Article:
Also, ASEAN and the US are working together to promote the sustainable development of maritime resources. They focus on improving maritime domain awareness (MDA) and collaborating on information-sharing best practices, joint and interagency operations, multinational cooperation using the US Department of Transportation’s SeaVision application, advances in space-based MDA technology, country briefs and case studies.

The US had supported a regional study on trafficking and forced labor and illegal, unreported and unregulated fishing in Southeast Asia, helping ASEAN countries strengthen worker protection and improve regulation in the commercial fishing sector.

Pandemic assistance

On the pandemic front, the US has donated more than 23 million vaccine doses and over $158 million in emergency health and humanitarian assistance to ASEAN member states, including the Philippines.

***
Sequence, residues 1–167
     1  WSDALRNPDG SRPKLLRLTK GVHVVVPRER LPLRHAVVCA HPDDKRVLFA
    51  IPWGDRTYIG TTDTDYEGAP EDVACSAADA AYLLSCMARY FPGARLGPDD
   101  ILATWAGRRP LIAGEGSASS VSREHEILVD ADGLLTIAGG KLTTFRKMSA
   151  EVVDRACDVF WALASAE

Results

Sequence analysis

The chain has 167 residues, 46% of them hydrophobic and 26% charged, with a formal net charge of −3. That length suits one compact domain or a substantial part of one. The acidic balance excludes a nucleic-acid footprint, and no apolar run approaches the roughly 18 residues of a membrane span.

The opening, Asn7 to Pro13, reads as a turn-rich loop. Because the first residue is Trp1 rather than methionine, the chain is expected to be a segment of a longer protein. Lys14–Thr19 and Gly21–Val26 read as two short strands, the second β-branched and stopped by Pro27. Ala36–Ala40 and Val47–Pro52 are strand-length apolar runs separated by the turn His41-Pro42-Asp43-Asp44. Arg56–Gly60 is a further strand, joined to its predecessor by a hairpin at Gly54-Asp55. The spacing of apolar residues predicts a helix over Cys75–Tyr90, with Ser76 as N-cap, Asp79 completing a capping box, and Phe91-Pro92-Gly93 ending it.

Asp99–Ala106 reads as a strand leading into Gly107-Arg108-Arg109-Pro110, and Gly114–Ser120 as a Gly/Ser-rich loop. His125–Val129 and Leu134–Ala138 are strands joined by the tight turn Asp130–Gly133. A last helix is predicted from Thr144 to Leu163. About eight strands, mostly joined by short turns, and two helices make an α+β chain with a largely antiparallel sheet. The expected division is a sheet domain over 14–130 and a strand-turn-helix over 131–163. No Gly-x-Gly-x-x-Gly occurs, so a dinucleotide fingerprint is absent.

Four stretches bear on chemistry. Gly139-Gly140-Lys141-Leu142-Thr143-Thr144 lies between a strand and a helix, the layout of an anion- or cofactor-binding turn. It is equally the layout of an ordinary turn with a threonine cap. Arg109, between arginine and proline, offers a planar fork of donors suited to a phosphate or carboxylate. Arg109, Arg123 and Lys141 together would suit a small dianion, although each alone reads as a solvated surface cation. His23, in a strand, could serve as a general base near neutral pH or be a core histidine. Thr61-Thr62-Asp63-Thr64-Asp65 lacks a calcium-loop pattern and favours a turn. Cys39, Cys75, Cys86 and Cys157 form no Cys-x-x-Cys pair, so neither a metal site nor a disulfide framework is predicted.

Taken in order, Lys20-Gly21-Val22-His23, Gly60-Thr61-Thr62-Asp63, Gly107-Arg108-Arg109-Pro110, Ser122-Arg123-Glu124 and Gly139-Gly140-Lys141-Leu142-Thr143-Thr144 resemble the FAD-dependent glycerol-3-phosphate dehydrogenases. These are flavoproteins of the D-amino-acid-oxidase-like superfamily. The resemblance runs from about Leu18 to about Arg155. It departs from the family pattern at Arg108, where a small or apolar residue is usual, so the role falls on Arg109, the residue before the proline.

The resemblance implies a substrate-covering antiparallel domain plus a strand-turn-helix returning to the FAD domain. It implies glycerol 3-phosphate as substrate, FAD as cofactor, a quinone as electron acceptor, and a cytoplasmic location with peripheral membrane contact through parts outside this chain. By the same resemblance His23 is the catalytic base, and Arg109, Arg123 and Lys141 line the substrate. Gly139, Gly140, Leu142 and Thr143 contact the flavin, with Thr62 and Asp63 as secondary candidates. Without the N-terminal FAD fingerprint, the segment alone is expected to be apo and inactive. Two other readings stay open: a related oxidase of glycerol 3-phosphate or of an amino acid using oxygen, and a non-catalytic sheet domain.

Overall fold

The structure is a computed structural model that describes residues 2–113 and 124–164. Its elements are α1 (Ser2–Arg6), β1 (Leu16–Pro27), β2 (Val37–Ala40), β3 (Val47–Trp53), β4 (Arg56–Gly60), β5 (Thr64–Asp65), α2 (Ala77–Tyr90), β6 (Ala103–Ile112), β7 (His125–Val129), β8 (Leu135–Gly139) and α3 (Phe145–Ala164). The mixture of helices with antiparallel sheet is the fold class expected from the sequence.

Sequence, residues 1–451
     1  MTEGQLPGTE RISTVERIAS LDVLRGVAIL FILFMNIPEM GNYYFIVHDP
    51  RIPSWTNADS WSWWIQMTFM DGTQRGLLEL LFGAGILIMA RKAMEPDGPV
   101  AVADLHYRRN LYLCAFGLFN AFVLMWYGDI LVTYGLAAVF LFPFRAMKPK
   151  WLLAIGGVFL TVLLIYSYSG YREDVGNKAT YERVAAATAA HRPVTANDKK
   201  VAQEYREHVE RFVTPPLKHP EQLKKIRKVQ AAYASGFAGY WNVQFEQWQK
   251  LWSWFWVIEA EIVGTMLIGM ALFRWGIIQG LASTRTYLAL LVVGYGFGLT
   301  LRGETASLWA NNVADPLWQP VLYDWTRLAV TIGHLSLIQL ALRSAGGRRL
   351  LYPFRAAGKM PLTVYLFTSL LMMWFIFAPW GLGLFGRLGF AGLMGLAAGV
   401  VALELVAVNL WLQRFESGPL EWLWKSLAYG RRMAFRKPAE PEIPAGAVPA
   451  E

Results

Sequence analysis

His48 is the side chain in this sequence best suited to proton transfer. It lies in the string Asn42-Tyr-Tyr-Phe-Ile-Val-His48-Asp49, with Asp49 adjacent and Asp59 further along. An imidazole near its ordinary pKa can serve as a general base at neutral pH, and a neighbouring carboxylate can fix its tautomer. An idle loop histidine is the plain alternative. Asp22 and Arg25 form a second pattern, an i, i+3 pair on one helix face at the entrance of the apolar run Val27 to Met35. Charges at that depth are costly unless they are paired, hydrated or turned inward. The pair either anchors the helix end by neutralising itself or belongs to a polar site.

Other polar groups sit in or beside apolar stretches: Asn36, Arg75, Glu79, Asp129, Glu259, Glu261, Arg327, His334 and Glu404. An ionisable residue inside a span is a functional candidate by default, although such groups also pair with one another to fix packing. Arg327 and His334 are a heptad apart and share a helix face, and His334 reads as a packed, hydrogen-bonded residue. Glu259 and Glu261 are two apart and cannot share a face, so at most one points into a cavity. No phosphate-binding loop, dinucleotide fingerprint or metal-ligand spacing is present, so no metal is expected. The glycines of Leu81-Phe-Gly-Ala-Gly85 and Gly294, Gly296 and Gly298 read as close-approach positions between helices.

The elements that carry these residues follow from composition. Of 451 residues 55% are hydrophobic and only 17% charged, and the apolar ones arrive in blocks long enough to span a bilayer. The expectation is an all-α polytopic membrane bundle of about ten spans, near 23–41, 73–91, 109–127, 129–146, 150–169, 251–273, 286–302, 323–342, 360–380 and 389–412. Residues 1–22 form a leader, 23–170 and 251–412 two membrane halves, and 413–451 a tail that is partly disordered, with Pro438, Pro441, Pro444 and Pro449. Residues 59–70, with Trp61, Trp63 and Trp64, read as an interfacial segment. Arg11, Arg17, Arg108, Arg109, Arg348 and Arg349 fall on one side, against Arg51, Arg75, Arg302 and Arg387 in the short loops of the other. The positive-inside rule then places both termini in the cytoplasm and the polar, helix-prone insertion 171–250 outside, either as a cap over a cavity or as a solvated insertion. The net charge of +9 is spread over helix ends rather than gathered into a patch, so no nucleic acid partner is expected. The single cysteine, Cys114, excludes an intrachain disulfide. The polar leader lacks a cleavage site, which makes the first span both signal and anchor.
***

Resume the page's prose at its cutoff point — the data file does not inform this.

“We provide these vaccines free of charge with no political or economic strings attached,” Blinken stressed.

He announced that the US intends to provide an additional $500,000 to the ASEAN COVID-19 Response Fund to support the purchase of even more life-saving vaccines.

In the Philippines, the US has invested more than $26.2 million (about P1.3 billion) in the country’s COVID-19 response and donated 6.2 million vaccine doses.

Last Tuesday, the US delivered a total of 3,000,060 doses of Moderna vaccine to the Philippines as part of its worldwide effort to help end COVID-19.

The shipment was provided directly to the Philippines by the US government, with delivery via the COVID-19 Vaccines Global Access (COVAX) Facility, a global initiative to support equitable access to COVID-19 vaccines.